Hillary Clinton may posture as the Progressive’s Progressive, but when getting paid hundreds of thousands of dollars by Wall Street firms for her speeches, she “sounded more like a Goldman Sachs managing director.” So say sources who attended those speeches and talked with Politico’s Ben White. Hillary couldn’t gush enough about their work, and had nothing critical to say about their operation, or Wall Street in general:
When Hillary Clinton spoke to Goldman Sachs executives and technology titans at a summit in Arizona in October of 2013, she spoke glowingly of the work the bank was doing raising capital and helping create jobs, according to people who saw her remarks.
Clinton, who received $225,000 for her appearance, praised the diversity of Goldman’s workforce and the prominent roles played by women at the blue-chip investment bank and the tech firms present at the event. She spent no time criticizing Goldman or Wall Street more broadly for its role in the 2008 financial crisis.
“It was pretty glowing about us,” one person who watched the event said. “It’s so far from what she sounds like as a candidate now. It was like a rah-rah speech. She sounded more like a Goldman Sachs managing director.”
Sources that attended other speeches do not recall much from them, only “small talk, chit-chat,” as one put it, also noting that Hillary emphasized that the banks didn’t deserve all the blame for the financial-sector meltdown. That calls into question why Goldman Sachs and other firms paid so much money to host Hillary at all. If she wasn’t cheerleading for the firm and only providing small talk and chit-chat, what exactly did their $250,000 or more buy them? The obvious answer was goodwill and access, especially since everyone understood that the Clintons were gearing up for another run at the White House. These firms wanted to have some pull with the eventual winner, and the Clintons were delighted to get personally rich off of that strategy.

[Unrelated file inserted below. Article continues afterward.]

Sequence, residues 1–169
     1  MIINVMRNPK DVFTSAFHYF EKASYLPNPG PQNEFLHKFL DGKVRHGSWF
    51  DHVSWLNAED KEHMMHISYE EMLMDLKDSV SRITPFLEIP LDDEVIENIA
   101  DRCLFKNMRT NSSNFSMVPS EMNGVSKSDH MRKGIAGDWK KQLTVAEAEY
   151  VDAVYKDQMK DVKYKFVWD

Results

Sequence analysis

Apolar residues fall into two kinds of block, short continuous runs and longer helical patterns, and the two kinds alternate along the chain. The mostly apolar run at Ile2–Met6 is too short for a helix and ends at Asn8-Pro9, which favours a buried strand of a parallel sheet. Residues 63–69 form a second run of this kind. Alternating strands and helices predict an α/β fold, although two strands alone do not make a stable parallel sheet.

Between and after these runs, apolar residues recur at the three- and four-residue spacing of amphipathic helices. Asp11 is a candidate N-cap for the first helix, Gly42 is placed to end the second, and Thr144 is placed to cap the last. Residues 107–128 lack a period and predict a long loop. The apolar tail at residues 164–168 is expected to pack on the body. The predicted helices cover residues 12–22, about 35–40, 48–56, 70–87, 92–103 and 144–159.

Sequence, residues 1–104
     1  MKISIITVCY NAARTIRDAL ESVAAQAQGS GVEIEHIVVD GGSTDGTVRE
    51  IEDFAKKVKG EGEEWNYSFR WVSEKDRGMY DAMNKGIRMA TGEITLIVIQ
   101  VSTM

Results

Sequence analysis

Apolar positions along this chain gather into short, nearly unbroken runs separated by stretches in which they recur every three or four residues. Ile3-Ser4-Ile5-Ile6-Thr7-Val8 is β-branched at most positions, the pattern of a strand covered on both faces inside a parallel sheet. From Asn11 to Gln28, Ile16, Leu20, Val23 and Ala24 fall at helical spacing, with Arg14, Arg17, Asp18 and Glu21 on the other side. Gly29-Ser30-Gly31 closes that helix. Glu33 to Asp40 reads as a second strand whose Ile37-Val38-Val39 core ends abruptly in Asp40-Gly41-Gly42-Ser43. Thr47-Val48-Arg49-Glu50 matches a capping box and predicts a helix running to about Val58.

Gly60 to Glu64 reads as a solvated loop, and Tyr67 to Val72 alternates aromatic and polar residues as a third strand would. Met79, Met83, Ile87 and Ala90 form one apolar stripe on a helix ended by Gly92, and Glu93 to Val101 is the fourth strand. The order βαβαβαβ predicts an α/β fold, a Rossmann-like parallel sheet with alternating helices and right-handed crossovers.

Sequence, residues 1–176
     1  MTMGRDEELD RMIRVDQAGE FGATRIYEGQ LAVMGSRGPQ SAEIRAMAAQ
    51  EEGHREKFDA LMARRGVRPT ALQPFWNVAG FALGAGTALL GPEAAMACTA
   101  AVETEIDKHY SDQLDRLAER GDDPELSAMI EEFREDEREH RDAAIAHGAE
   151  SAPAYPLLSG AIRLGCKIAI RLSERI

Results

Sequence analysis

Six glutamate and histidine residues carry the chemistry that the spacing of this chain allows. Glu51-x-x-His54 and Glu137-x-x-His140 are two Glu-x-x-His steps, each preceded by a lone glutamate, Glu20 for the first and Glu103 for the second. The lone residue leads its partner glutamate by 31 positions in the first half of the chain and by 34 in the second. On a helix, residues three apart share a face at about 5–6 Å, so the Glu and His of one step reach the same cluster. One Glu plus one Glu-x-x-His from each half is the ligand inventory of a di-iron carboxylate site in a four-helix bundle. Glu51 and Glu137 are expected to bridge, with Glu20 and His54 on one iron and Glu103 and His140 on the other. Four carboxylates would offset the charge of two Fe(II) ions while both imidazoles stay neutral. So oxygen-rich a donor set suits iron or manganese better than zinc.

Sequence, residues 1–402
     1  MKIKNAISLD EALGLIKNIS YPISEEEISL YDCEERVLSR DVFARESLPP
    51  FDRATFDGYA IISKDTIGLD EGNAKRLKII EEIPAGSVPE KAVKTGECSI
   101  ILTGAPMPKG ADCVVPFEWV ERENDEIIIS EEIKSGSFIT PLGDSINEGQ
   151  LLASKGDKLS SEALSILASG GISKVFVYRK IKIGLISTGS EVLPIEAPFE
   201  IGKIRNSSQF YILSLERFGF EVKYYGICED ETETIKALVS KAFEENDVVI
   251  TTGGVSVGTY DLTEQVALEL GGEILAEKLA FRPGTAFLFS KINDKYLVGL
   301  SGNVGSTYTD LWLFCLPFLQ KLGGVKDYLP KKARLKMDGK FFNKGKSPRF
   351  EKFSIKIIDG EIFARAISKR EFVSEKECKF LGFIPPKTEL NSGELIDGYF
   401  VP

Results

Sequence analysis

That’s not illegal … but it’s hardly populist or progressive, either.
Expect to see more of these anecdotal recollections emerging as long as Bernie Sanders puts pressure on Hillary over her big Wall Street paydays.
The problem is, if Clinton releases the transcripts, Sanders and other progressive candidates could take even seemingly innocuous comments and make them sound as though Clinton is in the tank for Wall Street. And if she doesn’t, it makes her look like she has something very damaging to hide.
“One the one hand, if Clinton discloses these speech transcripts that’s not going to be the end of it,” said Dennis Kelleher, chief executive of financial reform group Better Markets. “I think you are damned if you do and damned if you don’t in this never ending game of gotcha. But as a political matter, she should probably just disclose it all and disclose it quickly.”
This is a petard by which Hillary has hoist herself, though. She wouldn’t necessarily have been damned if she had just remained consistent on her relationships with Wall Street and major financial institutions. Had Hillary chosen to do so, she could have run to Sanders’ right in defending major investment houses and banks, offering more effective regulation while decrying Sanders as an unrealistic nihilist. That would have meant perhaps surrendering part of the populist base, but it would have enhanced her credibility with the center-Left and independents that she will need in a general election — assuming she makes it that far.
Instead, Hillary has treated voters across the spectrum as too stupid to remember that she was a Senator from New York for eight years, and got that position by watching out for that constituency. The notion that she’s a crusader for anti-establishment progressivism is ludicrous, especially when it comes to Wall Street, from which the Clintons made tens of millions of dollars in speeches. That argument insults the intelligence of all but the most rabid of Clintonistas, and it explains much about why Hillary couldn’t seal the deal on Coronation 2.0 despite locking up almost all of the Democratic establishment far in advance of the primaries.